A study by Shavik et al. applied computational simulation techniques to replicate the physiology of heart failure with preserved ejection fraction (HFpEF), whereby decreased longitudinal strain exists with a normal ejection fraction (Shavik et al., 2021). Through their framework, the variables of ventricular geometry, chamber size, blood pressure, and ventricular strains were altered based on sets of clinically measured patient-specific data. To adequately replicate HFpEF, the combination of depressed myocardial contractility coupled with increased afterload was required. While clinically distinct entities, LFLG AS and HFpEF may share some commonalities in the initial set of conditions that trigger the chronic pathologic remodeling.

Our results include strain along the direction of myofibers, a microscopic tissue-level organization of the myocardium. The differences between the LV segment strains at diastole and systole (Figure 3B) indicate the complex dynamics of ventricular contraction. This can be correlated to the known ventricular dysfunction this patient has, as several segments appear to contribute minimally to systolic LV contraction.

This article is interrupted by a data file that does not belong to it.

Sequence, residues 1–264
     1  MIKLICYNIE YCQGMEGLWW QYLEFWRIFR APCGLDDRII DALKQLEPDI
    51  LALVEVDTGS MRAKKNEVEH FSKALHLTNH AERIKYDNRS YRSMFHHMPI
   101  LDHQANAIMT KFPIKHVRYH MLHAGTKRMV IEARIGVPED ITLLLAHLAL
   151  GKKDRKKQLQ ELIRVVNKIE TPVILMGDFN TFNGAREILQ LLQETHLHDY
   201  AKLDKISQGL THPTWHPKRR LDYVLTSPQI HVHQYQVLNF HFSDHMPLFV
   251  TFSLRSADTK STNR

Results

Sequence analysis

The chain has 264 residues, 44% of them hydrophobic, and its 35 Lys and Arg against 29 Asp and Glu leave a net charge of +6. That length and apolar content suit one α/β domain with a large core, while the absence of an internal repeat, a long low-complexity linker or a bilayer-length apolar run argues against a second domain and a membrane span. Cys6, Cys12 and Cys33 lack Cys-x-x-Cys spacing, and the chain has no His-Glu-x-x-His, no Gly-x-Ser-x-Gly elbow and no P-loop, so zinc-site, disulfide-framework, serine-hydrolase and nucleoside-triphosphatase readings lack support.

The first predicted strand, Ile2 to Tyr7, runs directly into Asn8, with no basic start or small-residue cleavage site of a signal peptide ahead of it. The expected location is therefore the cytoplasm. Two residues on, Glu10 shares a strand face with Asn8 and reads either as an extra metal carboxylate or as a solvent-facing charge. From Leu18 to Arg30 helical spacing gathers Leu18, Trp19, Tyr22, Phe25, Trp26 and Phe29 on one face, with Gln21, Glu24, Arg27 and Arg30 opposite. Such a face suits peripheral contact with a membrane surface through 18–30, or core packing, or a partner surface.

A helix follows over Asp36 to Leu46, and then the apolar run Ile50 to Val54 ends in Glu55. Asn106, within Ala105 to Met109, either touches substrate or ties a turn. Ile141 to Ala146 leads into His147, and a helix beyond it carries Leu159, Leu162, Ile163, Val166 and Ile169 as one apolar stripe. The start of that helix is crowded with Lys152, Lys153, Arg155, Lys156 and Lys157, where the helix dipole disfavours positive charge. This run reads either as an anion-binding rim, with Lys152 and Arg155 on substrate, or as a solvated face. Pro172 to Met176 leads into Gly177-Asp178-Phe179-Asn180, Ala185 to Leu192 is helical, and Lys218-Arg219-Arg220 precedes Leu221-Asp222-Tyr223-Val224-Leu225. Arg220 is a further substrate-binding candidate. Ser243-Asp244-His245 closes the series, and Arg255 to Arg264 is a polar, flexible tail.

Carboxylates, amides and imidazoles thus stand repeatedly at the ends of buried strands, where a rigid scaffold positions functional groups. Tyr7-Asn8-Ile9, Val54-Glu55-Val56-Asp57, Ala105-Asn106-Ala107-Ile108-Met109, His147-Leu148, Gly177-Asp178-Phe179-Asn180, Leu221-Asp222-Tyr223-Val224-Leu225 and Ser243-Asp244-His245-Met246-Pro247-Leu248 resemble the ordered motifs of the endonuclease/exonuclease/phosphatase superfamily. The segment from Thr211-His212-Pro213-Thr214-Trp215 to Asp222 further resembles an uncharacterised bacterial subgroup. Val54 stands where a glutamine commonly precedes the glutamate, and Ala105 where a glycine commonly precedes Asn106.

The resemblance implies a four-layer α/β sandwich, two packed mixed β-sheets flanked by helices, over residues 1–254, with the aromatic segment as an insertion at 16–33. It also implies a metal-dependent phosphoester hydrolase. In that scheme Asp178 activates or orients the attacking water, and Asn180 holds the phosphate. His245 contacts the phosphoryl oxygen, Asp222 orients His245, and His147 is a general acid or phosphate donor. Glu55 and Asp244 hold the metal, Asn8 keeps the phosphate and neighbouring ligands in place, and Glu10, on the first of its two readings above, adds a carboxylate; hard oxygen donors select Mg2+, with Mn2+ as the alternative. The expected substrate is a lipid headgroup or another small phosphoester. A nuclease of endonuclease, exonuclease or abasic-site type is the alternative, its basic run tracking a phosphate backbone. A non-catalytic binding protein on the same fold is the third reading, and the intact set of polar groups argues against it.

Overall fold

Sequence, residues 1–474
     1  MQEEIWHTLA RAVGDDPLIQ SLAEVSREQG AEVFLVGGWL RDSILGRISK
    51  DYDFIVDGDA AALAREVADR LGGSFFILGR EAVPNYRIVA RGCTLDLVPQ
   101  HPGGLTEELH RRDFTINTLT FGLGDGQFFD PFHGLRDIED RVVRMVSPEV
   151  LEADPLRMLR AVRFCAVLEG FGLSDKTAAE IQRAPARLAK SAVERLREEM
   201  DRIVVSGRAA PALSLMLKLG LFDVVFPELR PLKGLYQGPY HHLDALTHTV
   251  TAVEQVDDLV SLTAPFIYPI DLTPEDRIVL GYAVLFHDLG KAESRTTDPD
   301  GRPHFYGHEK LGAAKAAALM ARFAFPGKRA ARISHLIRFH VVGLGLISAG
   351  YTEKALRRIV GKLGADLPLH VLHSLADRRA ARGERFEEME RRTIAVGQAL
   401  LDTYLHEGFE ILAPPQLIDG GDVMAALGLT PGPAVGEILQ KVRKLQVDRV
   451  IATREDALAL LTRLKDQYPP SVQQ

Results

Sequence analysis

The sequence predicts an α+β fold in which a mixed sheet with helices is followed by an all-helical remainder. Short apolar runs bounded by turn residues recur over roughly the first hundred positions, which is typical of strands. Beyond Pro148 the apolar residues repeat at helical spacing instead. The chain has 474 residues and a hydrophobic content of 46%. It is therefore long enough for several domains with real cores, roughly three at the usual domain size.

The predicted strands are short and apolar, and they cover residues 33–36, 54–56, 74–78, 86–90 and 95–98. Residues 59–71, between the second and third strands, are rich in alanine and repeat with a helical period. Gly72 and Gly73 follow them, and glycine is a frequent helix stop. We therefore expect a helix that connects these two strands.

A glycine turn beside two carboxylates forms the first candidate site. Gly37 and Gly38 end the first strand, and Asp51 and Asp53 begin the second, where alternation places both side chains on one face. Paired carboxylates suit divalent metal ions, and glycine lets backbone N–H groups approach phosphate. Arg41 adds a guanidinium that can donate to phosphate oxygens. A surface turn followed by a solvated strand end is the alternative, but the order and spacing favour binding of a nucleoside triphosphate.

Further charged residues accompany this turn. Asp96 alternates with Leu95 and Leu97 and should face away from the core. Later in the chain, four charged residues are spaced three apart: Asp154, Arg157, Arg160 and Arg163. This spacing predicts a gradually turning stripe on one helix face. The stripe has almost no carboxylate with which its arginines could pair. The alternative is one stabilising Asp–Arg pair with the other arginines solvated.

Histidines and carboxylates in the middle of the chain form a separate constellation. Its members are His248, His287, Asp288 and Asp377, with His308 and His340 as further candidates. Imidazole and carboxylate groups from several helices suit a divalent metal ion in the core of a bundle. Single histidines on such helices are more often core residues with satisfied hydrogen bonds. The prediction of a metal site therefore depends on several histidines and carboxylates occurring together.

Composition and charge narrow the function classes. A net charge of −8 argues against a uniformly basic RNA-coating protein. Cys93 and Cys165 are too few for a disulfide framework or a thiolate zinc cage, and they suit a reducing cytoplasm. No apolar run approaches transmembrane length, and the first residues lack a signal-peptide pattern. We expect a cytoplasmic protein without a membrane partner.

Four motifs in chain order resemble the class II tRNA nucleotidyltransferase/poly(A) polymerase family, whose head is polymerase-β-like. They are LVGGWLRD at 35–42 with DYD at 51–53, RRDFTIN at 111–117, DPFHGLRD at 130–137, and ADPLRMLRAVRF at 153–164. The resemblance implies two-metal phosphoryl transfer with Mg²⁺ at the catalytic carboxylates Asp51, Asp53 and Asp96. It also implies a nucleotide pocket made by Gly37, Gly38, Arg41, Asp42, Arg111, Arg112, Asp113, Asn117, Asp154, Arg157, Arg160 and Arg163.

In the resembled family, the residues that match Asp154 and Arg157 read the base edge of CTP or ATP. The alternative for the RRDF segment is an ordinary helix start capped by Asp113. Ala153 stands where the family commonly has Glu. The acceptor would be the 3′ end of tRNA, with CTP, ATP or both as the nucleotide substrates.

Myofiber orientation varies transmurally with a helix angle spanning −60° at the endocardium to +60° at the epicardium relative to the short axis of the heart (Walker et al., 2005; Carrick et al., 2012; Wenk et al., 2012; Genet et al., 2014; Genet et al., 2016; Sack et al., 2018b; Dabiri et al., 2018; Wisneski et al., 2020). Specialized imaging techniques such as diffusion-tensor and displacement encoding with stimulated echoes (DENSE) magnetic resonance imaging can be used to measure myofiber strain in-vivo (Bayer et al., 2012; Moulin et al., 2021). However, magnetic resonance imaging is more time consuming than CT imaging and is not routinely used for TAVR planning purposes. Computational models with myocardial material models accounting for myofiber orientation will be able to provide myofiber strain data throughout the LV. Myofiber strain should be differentiated from the strain reported in many clinical echocardiographic studies, such as global longitudinal strain, which describes deformation relative to the long axis of the heart. Reduced strain in LFLG AS, whether at the myofiber or global LV level, likely stems from the same mechanism of LV dysfunction.

The systolic stress and strain profile from the American Heart Association 17 segment classification can provide a unique biomechanical ‘footprint’ for a patient’s LV, provide a snapshot of LV performance, and help to categorize a patient’s disease severity in future investigations.